Most mountain bikers are purely focused on improving the physical skills of riding, body position, vision, cornering, braking, wheelies, bunny hops, drops, etc. and they don’t put much time and effort into the equally or more important skills that can be worked on off their bike. Your focus, confidence, mental game, balance and physical condition (flexibility, core stability, upper body strength, leg strength) all play as big a part in your riding as your “riding skills”.
Here is a list of books I recommend to my students after their camp with me. Don’t be in a hurry to read them all! Take your time, reread each book/chapter and apply what you think will work for you in your life. We are not in search of knowledge, we are in search of change.
One of my favorite Zen sayings is, “when the pupil is ready the teacher will appear”. My take on this is that the teacher (and/or lesson) has always been there, you just either didn’t need their teaching yet or were not ready for it yet. I will give you an example from my coaching experience. My most famous students, Cody Kelly, Mitch Ropelato, McKay Vezina, Shawn Neer all have repeated my three-day core skills camp many times and they all say things in the second to fifth camp like, “wow! you have should have said that in the first camp!” and I reply that I did say it, you just didn’t need it yet.
Mountain Bike Skill

Shawn Neer, who just earned 10th place at the first EWS in Chile, showing great form. Centered, neutral and eyes looking way ahead! Thanks to mtbr.com for the photo.

Often, when being exposed to a new concept like braking (Mitch and Cody came from BMX where they didn’t even have a front brake so learning that the front brake does 70-100% of the slowing/stopping of them and their bike was a new concept to them) a student will be letting that new knowledge soak in (the big picture) and miss some details about that concept. The second time they hear the concept they already know it so they then are able to focus on the details more (such as braking body position, modulation, where to brake, etc.).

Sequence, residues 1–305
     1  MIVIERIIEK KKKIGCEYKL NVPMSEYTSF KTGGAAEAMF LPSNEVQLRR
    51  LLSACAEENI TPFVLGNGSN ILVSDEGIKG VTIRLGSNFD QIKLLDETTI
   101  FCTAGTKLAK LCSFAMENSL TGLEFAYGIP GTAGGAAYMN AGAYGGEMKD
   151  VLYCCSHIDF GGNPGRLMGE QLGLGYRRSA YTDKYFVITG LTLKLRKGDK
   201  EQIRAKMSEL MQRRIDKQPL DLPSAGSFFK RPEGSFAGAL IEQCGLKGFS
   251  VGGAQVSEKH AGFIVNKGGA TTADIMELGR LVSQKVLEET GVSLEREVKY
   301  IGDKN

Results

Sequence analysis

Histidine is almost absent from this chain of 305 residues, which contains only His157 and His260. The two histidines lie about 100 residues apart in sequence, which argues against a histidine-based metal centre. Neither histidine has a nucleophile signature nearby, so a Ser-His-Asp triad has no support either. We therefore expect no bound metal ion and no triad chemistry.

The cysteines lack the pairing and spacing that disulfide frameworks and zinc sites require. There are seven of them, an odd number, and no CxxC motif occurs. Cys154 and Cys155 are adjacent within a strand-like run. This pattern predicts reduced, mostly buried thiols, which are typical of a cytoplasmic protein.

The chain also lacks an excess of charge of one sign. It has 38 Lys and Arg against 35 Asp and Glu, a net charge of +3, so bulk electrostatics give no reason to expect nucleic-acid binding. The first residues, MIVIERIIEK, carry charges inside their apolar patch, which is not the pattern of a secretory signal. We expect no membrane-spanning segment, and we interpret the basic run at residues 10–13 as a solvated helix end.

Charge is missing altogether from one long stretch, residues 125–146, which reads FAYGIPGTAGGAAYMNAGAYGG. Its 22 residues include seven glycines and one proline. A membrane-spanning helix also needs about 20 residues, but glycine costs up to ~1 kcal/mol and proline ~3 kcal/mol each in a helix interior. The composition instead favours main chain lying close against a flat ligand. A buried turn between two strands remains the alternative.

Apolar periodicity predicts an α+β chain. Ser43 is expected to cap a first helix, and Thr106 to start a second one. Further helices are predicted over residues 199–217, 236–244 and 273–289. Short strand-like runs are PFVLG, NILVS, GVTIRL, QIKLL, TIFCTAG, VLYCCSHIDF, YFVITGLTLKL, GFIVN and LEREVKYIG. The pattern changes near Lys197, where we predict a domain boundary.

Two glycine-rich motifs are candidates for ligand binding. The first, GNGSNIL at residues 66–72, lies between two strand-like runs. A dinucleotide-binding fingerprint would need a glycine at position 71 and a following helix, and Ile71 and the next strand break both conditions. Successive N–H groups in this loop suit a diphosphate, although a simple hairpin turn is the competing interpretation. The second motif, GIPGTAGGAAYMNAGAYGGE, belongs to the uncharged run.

The same can be said for these books. Don’t just get the big picture, reread them and get the important details too.
Knowledge is worthless without action! So many people (who I have recommend these books to) have said to me, ‘Wow, that book was a great read, thanks!” I always reply, “Cool, glad you liked it, what concept/s from the book are you applying in your life?” Sadly, many of them can’t name a single thing from the book that they are applying in their riding or life.
These are life-changing books, not novels, USE them!
These are all great books not just meant for competitive athletes. Anyone can learn a lot from them and if you study them they will improve your riding.  They are in no particular order and my short review follows each listing.

I was going to divide them into “sport” and “life” but as Dan Millman often mentions, if your life is in a state of “dis-ease” so will be your athletic performance. So, in my humble opinion, all/any of these books will have a profound effect on your life and your mountain biking.

Pick ONE that sounds interesting to you, read it, study it, apply what you have learned in your riding/life, reread to find all the nuggets you missed (or were not ready for yet).

The New Toughness Training for Sports: Mental, Emotional, and Physical Conditioning from One of the World’s Premier Sports Psychologists

by James E. Leohr, Chris Evert, Dan Jansen,

Excellent book with worksheets to help you practice what it teaches.

The Mental Edge: Maximize Your Sports Potential with the Mind/Body Connection

by Ken Baum, Richard Trubo,